“We couldn’t stand by and let them divert the use of a productive farm to a mud dump,” said Sonoma Land Trust’s Executive Director Ralph Benson. “At the same time, their contention that mud is ultimately dirt and, with the right handling, can be farmed and farmed well had potential merit. The settlement provides both the landowners and the land trust with the framework needed to ensure that this beautiful ranch at the gateway to Sonoma County remains in farming.

Costs and Partnerships

Sonoma Land Trust’s stewardship director spent 12% of his time in 2007 on this case alone, and a bit less in 2008. The executive director put in extensive time as well, as did the land trust’s legal team and SCC’s designated assistant attorney general. The organization has spent more than $200,000, though the case never went to trial. If it had, the costs could easily have doubled. The California Council of Land Trusts was very supportive and helpful to the land trust with the litigation. CCLT provided technical assistance and connection to resources. Many of California’s land trusts wrote support letters to SCC Board of Directors urging them to help. Bob Neale, The land trust’s stewardship director, says that it is critical to work with your friends and regional coalitions on these big issues that will affect all land trusts.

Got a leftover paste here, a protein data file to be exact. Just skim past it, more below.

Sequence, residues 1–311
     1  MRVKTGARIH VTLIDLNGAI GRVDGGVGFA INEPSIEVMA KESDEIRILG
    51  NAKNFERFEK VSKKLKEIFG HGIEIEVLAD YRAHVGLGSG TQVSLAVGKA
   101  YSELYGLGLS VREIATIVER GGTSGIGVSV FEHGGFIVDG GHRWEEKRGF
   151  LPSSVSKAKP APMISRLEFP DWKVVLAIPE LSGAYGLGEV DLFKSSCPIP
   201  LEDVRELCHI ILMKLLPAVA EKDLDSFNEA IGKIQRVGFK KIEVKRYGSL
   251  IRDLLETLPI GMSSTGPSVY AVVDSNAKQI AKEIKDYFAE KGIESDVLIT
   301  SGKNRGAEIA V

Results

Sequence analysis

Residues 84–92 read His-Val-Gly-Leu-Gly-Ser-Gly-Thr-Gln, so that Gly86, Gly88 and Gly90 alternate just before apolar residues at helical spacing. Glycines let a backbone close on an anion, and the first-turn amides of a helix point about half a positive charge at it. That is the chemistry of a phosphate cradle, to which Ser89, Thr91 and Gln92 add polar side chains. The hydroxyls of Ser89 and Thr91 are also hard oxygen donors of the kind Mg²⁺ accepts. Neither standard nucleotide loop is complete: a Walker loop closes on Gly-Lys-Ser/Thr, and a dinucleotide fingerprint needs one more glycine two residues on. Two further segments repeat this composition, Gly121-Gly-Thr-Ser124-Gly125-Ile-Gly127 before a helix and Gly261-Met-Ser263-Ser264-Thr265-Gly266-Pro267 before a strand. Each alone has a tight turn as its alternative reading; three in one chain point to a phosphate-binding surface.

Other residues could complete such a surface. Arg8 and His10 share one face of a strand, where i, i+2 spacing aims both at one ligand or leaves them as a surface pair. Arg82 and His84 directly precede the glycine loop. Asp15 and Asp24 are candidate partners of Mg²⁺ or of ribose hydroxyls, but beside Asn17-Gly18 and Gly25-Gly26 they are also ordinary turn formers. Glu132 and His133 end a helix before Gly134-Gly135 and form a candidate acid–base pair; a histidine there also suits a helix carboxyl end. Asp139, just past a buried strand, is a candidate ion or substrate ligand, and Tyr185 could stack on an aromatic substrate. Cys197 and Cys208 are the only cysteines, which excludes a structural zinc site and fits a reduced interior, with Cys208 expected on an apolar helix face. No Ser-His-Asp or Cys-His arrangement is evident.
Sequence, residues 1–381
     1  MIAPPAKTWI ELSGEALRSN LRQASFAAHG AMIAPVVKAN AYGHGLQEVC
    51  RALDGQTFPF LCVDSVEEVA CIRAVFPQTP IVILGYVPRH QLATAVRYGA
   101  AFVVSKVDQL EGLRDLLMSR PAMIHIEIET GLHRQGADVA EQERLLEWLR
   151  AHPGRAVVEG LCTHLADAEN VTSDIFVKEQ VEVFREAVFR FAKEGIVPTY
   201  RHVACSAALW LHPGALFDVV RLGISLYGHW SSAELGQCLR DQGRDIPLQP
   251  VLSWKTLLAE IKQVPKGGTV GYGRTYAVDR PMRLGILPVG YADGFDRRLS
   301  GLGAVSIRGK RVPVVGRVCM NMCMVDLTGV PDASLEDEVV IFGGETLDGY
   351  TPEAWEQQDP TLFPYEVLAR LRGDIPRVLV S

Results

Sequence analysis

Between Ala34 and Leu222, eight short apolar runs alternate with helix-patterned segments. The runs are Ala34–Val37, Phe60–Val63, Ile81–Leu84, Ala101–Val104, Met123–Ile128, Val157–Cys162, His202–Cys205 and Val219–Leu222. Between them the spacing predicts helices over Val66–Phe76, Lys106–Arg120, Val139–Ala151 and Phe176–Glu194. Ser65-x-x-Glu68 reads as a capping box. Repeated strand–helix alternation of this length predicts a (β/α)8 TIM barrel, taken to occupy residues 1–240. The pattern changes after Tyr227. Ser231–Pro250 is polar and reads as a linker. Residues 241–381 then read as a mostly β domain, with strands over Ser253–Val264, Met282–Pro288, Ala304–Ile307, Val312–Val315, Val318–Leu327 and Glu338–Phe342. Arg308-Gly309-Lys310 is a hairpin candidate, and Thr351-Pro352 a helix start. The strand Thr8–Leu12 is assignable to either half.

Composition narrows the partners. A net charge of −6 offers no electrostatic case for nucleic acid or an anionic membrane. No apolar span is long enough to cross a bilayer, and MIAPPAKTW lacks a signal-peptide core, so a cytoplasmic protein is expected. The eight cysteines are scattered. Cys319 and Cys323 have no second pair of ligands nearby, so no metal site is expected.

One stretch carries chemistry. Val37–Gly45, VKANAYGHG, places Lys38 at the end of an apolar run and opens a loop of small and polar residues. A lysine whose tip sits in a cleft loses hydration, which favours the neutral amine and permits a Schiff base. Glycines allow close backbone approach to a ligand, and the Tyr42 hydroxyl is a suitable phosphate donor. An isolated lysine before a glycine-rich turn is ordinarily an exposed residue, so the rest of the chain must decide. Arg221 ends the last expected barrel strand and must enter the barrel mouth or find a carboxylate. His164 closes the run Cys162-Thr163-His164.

Bob believes that “complex and expensive legal challenges to conservation easements are becoming common place,” at least in California. Attorney general involvement as well as the state agency funder involvement is essential in the big cases. They both have played a critical support role with the Lower Ranch case.

Lessons Learned

The real issue in this case was determining whether conservation easements really are forever. Can clever, wealthy, well connected successor landowners who have additional non-conservation goals for the land, directly or indirectly subvert conservation easements. These kinds of issues are likely to become more common as urban sprawl pushes into rural conservation lands, making their relatively low land values targets for developers. For Bob, this case “really highlights the need for a strong legal defense fund.” Bob said that he “thinks land trusts in California should have a minimum of $500,000 in their legal defense fund to be able to defend a conservation easement against a well financed and determined successor landowner.”

“You also need a good legal team and they are expensive, but worth it,” according to Bob. “Don’t try to save money on legal counsel; you’ll only hurt your case.” The land trust retained Shute, Mihaly & Weinberger, LLP of San Francisco. “They’ve been fantastic,” he said. “Kerr & Wagstaffe LLP were also brought in to help with litigation and have also been excellent.” Having legal counsel that really understands the dilemmas and challenges and can assist with risk analysis is essential, but they also must understand the philosophical issues and underlying commitment to conservation to really be effective.